Yang style Tai Chi does not require a ten-minute warmup sequence. The traditional form itself is structured as a gentle progression.
In the first section, we mostly perform small turns, straight steps and slow lunges.
Moving into the second section, we add larger turns (e.g. Embrace Tiger, Fist Under Elbow), forward bends and a few kicks.
The deepest stances, widest turns and highest kicks are all in the final third of the form; and by that time, we have already been moving around for ten minutes. We are already warmed up.
This is no coincidence. Yang style Tai Chi is intelligently designed.
Nevertheless, I prefer to start our classes with a “warmup” sequence. These warmups are an opportunity to target specific areas of the body in relative isolation. To ensure that we are able to move these joints individually, and then as subsystems and in short chains.
It makes sense to start here, I think. With the simplest possible steps. Before we attempt to…well, you know. Move all 600 skeletal muscles in a continuous and complementary fashion, adhering to an elaborate twenty-minute choreography from the Qing Dynasty. 😵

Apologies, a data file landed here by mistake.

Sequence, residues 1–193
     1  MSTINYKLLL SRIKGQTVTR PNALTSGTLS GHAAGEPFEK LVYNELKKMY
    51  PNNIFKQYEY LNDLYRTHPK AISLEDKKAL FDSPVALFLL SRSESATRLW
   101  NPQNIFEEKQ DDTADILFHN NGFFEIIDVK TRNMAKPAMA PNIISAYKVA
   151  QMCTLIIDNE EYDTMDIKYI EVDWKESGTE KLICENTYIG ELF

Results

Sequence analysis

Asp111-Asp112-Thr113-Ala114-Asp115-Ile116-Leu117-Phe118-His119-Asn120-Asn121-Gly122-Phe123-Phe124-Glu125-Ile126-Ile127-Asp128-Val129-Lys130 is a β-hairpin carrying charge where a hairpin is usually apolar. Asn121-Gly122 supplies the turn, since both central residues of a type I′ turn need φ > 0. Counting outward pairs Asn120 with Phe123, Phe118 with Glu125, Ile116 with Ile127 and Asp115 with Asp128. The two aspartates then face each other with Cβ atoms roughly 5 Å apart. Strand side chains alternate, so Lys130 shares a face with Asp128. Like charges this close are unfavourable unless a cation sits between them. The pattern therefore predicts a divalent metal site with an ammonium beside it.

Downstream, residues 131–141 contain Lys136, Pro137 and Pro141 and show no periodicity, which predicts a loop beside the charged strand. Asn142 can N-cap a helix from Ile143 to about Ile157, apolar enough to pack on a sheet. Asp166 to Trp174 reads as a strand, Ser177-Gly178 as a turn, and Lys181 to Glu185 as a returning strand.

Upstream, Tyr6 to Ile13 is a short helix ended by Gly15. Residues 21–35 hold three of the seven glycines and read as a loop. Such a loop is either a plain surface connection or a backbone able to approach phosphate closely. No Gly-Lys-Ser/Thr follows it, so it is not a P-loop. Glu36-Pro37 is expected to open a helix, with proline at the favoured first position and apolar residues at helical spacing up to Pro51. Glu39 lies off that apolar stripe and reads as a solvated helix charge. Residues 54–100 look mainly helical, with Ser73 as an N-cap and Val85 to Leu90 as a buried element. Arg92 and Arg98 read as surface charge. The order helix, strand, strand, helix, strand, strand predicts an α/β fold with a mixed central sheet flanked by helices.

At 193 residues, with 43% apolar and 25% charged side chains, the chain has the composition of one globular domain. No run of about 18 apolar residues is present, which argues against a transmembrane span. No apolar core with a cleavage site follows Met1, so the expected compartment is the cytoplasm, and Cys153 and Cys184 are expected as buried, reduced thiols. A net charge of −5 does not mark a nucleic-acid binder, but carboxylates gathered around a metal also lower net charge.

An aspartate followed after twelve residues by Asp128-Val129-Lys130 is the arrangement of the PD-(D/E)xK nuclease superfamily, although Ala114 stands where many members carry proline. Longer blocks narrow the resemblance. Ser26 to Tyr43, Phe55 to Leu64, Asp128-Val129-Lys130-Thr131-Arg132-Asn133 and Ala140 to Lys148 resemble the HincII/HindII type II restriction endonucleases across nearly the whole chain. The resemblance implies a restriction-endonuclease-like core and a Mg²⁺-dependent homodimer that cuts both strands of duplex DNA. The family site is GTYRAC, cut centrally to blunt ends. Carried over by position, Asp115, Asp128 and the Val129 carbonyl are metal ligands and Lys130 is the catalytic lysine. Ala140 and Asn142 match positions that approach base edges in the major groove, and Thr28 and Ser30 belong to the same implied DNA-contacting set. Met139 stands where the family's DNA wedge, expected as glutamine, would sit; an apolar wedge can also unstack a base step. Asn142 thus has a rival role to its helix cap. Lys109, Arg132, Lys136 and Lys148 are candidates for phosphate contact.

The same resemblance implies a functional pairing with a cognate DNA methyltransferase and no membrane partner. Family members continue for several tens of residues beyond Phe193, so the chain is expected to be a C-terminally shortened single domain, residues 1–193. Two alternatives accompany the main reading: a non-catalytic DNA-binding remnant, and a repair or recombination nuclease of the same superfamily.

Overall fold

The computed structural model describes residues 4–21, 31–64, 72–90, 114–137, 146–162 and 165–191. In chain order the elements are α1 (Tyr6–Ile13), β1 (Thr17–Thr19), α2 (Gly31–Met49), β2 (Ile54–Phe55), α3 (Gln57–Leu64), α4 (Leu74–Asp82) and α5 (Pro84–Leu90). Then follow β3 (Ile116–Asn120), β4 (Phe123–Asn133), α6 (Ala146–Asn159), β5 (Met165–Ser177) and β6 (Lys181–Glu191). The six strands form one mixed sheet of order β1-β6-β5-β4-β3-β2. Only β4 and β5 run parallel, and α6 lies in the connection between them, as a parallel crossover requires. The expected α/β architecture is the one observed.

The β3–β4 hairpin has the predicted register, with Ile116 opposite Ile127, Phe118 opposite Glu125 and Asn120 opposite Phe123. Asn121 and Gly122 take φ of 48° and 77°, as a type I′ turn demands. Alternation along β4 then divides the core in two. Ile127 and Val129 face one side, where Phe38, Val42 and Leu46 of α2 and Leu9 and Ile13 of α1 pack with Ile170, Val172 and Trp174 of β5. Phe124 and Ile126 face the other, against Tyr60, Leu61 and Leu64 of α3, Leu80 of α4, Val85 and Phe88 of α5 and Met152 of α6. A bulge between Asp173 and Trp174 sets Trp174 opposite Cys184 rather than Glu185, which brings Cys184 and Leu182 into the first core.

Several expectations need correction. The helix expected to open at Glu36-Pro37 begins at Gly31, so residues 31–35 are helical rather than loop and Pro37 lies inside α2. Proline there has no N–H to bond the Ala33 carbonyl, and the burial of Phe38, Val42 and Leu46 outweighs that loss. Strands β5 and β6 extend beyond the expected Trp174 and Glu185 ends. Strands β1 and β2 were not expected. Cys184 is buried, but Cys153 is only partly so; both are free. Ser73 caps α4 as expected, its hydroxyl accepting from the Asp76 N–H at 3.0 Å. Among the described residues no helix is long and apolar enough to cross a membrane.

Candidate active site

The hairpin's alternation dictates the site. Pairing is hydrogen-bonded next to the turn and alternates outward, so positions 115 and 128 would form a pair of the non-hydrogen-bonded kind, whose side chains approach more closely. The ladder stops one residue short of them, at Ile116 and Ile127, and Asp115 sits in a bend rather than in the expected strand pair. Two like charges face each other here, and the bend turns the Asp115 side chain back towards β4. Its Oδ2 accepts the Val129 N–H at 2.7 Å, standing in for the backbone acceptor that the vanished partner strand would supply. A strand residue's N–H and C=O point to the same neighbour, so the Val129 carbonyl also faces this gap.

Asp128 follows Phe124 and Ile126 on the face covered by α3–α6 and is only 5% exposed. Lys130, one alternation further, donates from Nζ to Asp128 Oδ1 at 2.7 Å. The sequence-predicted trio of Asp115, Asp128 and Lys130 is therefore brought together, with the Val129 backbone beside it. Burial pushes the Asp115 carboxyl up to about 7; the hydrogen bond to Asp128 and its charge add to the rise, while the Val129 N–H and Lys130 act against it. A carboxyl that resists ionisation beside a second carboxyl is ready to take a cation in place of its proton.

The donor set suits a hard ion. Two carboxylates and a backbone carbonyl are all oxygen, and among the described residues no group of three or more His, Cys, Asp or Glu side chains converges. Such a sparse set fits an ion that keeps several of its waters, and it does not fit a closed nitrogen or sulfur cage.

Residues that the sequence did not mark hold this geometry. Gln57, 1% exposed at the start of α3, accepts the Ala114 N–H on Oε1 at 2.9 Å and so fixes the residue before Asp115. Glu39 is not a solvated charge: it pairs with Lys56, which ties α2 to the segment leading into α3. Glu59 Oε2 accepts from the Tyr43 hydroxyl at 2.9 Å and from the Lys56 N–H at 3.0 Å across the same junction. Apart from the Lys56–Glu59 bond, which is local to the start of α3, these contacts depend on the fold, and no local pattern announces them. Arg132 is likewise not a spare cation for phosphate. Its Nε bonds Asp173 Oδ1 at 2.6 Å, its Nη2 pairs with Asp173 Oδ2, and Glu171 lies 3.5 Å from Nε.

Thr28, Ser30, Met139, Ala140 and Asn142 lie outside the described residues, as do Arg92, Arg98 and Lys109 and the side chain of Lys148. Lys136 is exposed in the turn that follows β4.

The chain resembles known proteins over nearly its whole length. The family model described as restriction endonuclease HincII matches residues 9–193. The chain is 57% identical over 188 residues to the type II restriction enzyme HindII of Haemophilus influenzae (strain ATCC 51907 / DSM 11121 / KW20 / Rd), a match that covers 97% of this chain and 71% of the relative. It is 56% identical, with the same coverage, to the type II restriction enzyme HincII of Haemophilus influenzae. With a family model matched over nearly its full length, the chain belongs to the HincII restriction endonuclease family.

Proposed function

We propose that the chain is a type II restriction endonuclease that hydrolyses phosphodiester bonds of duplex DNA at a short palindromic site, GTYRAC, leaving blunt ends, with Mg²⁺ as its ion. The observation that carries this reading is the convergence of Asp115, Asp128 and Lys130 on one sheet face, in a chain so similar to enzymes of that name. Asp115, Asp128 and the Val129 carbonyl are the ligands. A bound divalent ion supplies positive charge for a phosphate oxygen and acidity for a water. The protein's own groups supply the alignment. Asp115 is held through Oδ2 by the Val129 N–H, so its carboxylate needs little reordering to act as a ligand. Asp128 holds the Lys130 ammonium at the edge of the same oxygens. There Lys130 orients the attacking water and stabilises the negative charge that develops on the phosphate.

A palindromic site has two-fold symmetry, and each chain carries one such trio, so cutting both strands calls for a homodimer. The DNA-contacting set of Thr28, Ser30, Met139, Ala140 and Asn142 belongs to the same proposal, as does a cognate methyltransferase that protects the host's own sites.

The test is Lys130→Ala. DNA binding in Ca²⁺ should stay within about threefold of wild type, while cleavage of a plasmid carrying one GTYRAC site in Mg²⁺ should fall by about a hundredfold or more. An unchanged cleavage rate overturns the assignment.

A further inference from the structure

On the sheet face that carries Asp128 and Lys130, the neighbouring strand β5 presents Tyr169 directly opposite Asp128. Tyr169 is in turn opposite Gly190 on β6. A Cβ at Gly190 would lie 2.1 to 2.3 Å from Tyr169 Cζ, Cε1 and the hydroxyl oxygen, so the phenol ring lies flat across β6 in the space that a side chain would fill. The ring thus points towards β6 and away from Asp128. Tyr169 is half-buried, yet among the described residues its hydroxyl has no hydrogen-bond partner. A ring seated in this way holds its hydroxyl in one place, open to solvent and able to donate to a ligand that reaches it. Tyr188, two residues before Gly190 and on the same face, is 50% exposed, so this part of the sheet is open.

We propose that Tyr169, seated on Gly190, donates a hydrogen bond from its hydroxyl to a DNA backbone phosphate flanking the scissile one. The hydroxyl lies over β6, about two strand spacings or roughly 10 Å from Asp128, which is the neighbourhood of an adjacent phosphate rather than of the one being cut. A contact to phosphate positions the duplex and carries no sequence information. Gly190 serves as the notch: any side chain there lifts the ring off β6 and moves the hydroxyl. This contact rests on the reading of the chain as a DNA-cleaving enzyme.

I like to explore moderately difficult warmups with clear relevance to Tai Chi. If you can comfortably enter a full squat, for example, then you will be in great physical shape to learn Left Wardoff. If you can touch your toes, it means you can probably move into the Rollback posture without discomfort. And so forth.
Performing a full squat (hip below knee) is not, strictly speaking, a requirement for learning Tai Chi. However it will definitely make the overall process easier! So I encourage you to spend a few minutes every week reaching towards that goal.
Here is a simple tutorial for improving your ankle flexibility. (And here is a more nuanced discussion of squat challenges, if you prefer that sort of thing.)
Shoreline Tai Chi